Thursday, June 05, 2008
Pork and Beans
The video for Weezer's "Pork and Beans" plays a game of "spot the references to internet memes" that calls to mind a recent episode of South Park, as well as the web series ViralCom, which also featured a real-life Tay Zonday cameo.
On a side note, it's interesting how a cameo from a viral video star has come to have almost the same impact as a cameo by an actual star -- the excitement of recognition is the same, and YouTube commenters are left gasping in disbelief: "How did they get all these guys?" This despite the fact that booking the likes of Gary Brolsma or Tay Zonday can't possibly be all that hard. It's also interesting that Tay Zonday's role on a Warners-backed web series like ViralCom is supposedly a step up to a semi-legitimate production, despite the fact that Zonday's own videos have far more hits.
But back to "Pork and Beans." It might lose some comic punch by not arriving first to the internet-reference party, but as a music video it has no obligation to be particularly funny. What it is, instead, is warm and delightful. As opposed to South Park's characteristically mean-sprited take, in which the internet celebrities abruptly kill each other, the Weezer video is inclusive in spirit. Some of the people featured are talents, some are objects of mockery, others are mere curiosities. Some, like Tay Zonday, are some combination of the three. At first it seems like the video is merely including clips of the notorious viral videos. But as it goes on, we see the stars mouthing the lyrics to Weezer's song, and finally interacting with the members of Weezer themselves. The video's defining moment comes when Rivers Cuomo offers Chris Crocker a hug. Weezer treats Crocker, Brolsma, and the rest with decency: These freaks are, in fact, human, and they are invited to join Weezer in celebrating their individuality. "Pork and Beans" even helps these maligned individuals reclaim some dignity -- Brolsma enjoys a moment of fame that is self-aware; "Afro Ninja" -- in reality an experienced stuntman whose career suffered after his hilarious face-plant during a jet-lagged audition -- redeems himself in a brief but impressive fight scene; Miss South Carolina bounces back from humiliation with a smile and gentle self-mockery.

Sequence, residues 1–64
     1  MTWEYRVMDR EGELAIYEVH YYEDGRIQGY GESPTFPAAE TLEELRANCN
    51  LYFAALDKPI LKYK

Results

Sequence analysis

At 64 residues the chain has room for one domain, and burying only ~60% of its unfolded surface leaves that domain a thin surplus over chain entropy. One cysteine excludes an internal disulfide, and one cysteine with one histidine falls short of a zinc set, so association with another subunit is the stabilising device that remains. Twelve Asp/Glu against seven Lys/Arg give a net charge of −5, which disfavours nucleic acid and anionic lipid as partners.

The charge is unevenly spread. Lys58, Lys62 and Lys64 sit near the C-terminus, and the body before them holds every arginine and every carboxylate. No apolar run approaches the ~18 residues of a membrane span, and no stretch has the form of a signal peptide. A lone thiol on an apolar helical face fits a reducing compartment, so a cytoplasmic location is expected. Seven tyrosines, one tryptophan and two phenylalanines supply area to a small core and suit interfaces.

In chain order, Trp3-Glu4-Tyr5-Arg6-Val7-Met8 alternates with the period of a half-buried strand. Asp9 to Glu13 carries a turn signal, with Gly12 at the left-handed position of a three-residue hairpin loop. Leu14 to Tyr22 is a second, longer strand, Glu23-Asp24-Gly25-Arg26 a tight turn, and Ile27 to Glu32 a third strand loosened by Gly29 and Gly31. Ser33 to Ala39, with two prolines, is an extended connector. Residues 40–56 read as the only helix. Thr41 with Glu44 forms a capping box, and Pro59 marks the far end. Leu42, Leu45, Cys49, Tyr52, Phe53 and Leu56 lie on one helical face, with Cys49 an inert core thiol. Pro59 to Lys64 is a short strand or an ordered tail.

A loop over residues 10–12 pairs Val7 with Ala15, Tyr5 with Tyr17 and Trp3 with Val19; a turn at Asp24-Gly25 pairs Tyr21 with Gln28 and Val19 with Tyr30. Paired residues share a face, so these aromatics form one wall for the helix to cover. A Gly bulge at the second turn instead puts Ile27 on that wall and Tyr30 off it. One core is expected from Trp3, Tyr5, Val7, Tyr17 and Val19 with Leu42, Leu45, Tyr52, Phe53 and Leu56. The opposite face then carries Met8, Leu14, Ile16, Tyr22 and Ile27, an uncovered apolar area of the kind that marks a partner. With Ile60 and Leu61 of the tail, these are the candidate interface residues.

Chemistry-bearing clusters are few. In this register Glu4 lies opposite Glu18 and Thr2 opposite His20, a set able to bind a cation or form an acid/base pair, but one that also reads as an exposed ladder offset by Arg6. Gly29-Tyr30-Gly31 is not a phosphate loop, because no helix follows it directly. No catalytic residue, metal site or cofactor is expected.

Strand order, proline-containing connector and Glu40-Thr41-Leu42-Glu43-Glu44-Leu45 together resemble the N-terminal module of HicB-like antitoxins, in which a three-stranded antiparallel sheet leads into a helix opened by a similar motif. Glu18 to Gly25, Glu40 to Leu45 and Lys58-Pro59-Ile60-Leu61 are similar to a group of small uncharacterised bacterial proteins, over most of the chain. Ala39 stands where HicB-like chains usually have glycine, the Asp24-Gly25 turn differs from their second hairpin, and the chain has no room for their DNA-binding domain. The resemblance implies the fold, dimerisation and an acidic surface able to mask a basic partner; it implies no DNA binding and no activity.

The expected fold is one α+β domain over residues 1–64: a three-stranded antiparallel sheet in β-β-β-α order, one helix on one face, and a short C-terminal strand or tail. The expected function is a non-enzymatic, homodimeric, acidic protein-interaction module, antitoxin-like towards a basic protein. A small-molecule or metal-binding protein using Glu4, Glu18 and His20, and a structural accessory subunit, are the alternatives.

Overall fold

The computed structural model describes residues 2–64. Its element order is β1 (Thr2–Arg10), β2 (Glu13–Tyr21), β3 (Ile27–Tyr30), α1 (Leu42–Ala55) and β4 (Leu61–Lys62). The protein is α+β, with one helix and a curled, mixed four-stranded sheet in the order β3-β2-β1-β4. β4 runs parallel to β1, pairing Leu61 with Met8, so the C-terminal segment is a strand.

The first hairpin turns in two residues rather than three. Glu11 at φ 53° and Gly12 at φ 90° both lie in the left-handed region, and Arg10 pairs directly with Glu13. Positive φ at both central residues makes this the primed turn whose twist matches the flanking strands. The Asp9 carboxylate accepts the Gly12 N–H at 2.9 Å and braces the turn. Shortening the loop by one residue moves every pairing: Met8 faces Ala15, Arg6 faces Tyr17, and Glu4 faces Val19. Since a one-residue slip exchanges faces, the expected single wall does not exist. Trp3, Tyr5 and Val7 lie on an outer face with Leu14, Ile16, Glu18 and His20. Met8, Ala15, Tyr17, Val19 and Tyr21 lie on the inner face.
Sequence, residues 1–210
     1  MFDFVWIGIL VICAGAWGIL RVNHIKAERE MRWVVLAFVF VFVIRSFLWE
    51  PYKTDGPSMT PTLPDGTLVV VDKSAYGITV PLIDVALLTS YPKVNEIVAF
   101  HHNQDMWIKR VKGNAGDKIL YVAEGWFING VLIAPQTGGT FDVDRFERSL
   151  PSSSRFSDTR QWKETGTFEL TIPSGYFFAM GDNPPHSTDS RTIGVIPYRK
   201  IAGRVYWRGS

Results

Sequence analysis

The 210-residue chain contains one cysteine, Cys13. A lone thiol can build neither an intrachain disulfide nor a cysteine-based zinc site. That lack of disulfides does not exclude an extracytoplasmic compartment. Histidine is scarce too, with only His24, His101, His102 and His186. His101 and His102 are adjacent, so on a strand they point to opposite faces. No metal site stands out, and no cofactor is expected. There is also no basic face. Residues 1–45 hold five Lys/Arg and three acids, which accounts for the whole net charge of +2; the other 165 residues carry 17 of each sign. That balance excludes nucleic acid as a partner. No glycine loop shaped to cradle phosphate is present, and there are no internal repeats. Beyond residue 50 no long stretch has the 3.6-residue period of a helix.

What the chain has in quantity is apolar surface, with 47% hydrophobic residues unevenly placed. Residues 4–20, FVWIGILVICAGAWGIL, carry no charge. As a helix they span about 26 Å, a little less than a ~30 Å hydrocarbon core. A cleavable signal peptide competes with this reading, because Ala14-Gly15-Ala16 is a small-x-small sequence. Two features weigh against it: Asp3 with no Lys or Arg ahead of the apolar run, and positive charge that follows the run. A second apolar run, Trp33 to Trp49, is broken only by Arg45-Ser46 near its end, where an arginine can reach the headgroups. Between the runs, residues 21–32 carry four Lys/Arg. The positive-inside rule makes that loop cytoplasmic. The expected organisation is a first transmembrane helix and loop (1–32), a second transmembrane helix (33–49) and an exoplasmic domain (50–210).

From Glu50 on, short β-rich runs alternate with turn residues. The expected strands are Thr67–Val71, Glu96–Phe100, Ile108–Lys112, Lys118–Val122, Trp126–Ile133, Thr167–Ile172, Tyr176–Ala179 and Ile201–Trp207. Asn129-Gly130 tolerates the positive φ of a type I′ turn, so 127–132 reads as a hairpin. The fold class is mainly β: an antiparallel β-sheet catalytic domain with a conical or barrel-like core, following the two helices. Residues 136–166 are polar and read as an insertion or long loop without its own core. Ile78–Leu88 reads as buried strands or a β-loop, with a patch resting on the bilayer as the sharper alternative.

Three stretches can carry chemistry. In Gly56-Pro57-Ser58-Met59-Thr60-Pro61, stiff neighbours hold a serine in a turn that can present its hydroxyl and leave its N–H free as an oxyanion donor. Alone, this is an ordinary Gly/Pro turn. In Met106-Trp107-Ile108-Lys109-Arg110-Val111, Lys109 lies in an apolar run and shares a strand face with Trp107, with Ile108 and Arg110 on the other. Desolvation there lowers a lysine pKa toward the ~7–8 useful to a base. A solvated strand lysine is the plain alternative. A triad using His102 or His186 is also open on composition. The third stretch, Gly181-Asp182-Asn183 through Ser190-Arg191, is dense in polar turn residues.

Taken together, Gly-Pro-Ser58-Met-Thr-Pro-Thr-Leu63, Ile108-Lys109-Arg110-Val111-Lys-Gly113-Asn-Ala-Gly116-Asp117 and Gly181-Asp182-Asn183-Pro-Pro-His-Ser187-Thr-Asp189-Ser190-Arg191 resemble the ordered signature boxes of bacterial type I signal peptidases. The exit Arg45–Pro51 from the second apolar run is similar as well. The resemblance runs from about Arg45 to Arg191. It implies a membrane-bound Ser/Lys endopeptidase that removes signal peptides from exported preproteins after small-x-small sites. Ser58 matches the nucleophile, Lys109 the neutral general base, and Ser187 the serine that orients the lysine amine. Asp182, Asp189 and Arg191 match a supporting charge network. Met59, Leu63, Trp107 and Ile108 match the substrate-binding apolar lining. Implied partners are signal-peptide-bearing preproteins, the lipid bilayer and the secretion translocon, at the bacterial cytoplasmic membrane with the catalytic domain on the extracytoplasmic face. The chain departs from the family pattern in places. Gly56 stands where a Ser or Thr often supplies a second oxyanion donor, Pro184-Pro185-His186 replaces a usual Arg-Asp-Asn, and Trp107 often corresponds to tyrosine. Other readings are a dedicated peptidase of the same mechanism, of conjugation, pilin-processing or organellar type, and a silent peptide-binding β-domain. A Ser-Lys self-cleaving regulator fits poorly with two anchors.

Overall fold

By the video's end, everyone is playing and singing and dancing together, and the video has become what its lyrics express: a defiant celebration of the outsider, and a satisfyingly good-natured good time. "Pork and Beans" as a song may be a bit lightweight and generic, but it's undeniably infectious fun. Anyone could sing a lyric like "I ain't gonna wear the clothes that you like," but when you see Rivers Cuomo in his idiotic cowboy getup and mustache on the red album cover, it's hard to doubt his sincerity.
Tomorrow: Thoughts on the Red Album.